Unleash The Fanboy - Harrison Rawdin

    Ultimately Jupiter's Legacy #1 is a victim of preconceived expectations as the creative team delivers something that is a bit bloated but nonetheless worthwhile in many aspects. There's certainly a lot of promise here as this concept barrels forward and for that reason this title squeaks by with a light recommendation.

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  • 6.0
    Crave Online - Iann Robinson

    Despite some great art, Jupiter's Legacy is further proof that Mark Millar is not nearly as solid a writer as he thinks he is.

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  • 6.0
    Comics: The Gathering - TylerM

    I get the feeling that Jupiter's Legacy is the kind of book where the whole is greater than the sum of its parts. Each issue might not be the best thing on the shelves when it releases, but I'm sure the collection will find itself on a lot of best-of lists at the end of the year. Unless this book takes a turn for the Unfunnies side of Millar.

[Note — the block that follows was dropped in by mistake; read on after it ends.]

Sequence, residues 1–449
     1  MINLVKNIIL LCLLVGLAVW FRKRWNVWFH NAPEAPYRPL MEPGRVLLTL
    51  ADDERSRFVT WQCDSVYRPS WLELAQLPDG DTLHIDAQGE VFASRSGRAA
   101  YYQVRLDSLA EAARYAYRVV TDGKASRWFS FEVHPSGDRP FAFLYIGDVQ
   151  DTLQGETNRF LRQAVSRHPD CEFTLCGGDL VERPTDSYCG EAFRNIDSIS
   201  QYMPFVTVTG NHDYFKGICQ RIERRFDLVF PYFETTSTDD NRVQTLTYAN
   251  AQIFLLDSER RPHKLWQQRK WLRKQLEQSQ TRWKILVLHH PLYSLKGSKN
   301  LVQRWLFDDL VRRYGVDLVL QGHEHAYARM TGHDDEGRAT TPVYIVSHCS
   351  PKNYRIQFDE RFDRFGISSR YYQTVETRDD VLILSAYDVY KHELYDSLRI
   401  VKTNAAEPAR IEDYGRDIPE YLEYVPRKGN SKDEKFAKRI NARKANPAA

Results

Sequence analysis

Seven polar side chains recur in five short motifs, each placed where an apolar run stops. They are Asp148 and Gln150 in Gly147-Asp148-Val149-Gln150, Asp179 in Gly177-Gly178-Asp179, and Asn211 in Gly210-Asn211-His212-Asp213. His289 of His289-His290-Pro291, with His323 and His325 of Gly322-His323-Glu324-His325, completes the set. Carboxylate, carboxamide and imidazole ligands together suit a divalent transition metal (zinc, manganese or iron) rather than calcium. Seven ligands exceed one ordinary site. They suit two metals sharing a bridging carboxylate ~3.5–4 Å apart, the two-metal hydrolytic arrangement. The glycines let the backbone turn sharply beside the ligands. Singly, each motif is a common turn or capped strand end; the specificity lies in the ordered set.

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  • 6.0
    Comic Book Nuts - Jef Mendoza

    This is a classic tale of how can children live up to their parents. These parents being superheroes. This book will probably be equal parts The Runaways, Irredeemable, and Invincible. The artwork is pretty clean and I'm loving this Bryan Hitch cover. There's one hilarious part where a villain is taken into a dream world while his body gets beat up. I've seen this done in manga and anime so I'm not surprised. However, I still think it was done very well. All the main characters seem to be jerks except for the parents, Utopian and his wife. Therefore; there's really no connection to why I should get the second issue.

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  • 8.5

    . . .$3, 20pgs. All ADs@back. Nice Noto Cover. . . . Off to a great start, this series promises a lot of depth and complex characters. Millar has risen to be one of Comic's top writers, so we should see great things here unencumbered by 'big 2' policies. However, he doesn't seem to be able to break from the 20 page issue. Quietly really shines as his art is the best part of this issue, for me. Doherty's colors compliment well, and i look forward to seeing how the artists work together.

  • 8.5

    Wonderful!

  • 10
  • 9.0
  • 8.5
  • 8.5